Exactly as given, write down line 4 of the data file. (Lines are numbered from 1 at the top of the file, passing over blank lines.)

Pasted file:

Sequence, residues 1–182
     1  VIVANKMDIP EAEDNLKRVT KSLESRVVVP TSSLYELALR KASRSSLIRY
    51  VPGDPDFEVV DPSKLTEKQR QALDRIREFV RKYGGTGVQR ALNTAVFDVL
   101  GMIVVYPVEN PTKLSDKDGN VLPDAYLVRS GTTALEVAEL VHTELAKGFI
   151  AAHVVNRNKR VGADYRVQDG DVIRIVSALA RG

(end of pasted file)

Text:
   101  GMIVVYPVEN PTKLSDKDGN VLPDAYLVRS GTTALEVAEL VHTELAKGFI